The Justice Department is appointing former FBI Director Robert Mueller as a special counsel to oversee the growing probe into Russian meddling in the 2016 election and possible ties to associates of President Trump.

“In my capacity as acting Attorney General, I determined that it is in the public interest for me to exercise my authority and appoint a Special Counsel to assume responsibility for this matter,” Deputy Attorney General Rod Rosenstein said in a statement.

The appointment of Mueller, who is widely respected on both sides of the aisle, comes after growing outcry, mostly from Democrats, amid fallout of President Trump’s firing of FBI Director James Comey last week. While the White House initially insisted the dismissal was precipitated by Comey’s mishandling of the investigation into Democratic presidential nominee Hillary Clinton’s emails, outlined by Rosenstein in a memo, Trump later told NBC’s Lester Holt that the Russia investigation factored into his decision.

Several reports allege that Trump asked Comey to scuttle an investigation into former national security adviser Michael Flynn the day after Flynn resigned. Flynn stepped down after reports he had misled Vice President Pence about his conversations with the Russian ambassador. The White House denies that Trump made the request to shut down the probe.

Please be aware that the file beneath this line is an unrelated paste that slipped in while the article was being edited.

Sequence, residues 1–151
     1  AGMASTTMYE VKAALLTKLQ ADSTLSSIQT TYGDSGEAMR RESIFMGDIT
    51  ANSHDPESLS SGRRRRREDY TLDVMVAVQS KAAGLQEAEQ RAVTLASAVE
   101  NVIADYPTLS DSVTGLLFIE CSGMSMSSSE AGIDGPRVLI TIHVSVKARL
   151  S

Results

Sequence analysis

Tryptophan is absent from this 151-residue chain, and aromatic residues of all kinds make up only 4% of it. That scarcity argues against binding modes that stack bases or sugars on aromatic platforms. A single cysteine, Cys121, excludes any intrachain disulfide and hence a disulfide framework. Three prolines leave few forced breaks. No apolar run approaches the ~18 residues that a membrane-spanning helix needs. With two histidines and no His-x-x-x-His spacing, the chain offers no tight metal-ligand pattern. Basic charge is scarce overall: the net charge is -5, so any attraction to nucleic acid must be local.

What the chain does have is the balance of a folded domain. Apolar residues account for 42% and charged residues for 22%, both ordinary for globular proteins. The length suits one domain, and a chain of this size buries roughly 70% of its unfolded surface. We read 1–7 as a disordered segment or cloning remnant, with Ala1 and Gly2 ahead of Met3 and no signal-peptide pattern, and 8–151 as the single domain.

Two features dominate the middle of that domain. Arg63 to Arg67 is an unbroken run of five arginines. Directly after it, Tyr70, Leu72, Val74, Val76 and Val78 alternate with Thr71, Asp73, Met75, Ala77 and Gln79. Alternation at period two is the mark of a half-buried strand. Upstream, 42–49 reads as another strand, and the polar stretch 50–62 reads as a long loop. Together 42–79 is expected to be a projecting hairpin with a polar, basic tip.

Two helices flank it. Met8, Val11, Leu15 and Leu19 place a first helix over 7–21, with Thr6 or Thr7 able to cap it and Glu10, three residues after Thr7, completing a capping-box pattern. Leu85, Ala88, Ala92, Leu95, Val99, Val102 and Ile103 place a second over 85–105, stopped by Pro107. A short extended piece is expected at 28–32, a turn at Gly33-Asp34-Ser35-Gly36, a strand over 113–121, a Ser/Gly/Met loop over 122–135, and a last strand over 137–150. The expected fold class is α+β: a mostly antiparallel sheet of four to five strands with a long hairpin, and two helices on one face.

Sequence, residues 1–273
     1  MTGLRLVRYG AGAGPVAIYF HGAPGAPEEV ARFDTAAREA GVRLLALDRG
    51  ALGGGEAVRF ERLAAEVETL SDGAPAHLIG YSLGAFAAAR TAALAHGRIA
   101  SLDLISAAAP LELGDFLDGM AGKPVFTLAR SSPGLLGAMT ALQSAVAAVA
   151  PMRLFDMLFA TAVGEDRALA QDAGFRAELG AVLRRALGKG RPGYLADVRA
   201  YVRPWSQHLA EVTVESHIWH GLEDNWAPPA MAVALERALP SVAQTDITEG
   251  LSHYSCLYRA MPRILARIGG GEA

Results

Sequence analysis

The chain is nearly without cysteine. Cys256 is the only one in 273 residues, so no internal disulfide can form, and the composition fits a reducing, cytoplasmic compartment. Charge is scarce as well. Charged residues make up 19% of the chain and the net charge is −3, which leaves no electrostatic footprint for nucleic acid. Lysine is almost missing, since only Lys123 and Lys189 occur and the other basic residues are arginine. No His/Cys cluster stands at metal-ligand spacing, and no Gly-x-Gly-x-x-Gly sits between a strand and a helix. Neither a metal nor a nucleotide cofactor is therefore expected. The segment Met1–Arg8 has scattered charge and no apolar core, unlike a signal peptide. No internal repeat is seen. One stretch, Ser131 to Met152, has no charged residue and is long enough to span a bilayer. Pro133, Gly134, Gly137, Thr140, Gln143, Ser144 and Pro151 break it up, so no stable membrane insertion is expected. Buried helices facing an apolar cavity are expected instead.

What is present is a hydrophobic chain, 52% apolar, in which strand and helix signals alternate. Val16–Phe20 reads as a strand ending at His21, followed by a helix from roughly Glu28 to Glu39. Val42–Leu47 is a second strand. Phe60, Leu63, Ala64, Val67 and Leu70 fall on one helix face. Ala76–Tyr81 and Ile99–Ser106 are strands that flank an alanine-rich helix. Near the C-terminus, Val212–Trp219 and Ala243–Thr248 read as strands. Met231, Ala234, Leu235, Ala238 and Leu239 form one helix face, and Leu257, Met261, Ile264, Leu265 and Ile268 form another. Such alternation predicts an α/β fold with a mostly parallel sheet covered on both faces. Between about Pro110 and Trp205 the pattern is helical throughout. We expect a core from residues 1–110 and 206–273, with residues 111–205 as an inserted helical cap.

Mueller, who preceded Comey at the FBI, had a 12-year stint at the agency after being unanimously confirmed by the Senate in 2001, just the week before the Sept. 11 terrorist attacks. His tenure leading the bureau was defined by what he did to adapt to the new threats posed to America by terrorism, and he was asked by then-President Barack Obama to stay on beyond the typical 10-year term for two additional years, which Congress approved.

Since retiring from the FBI in 2013, he has been working as a partner for the law firm WilmerHale, which confirmed Thursday night that Mueller had resigned from the firm immediately upon his appointment to the new post.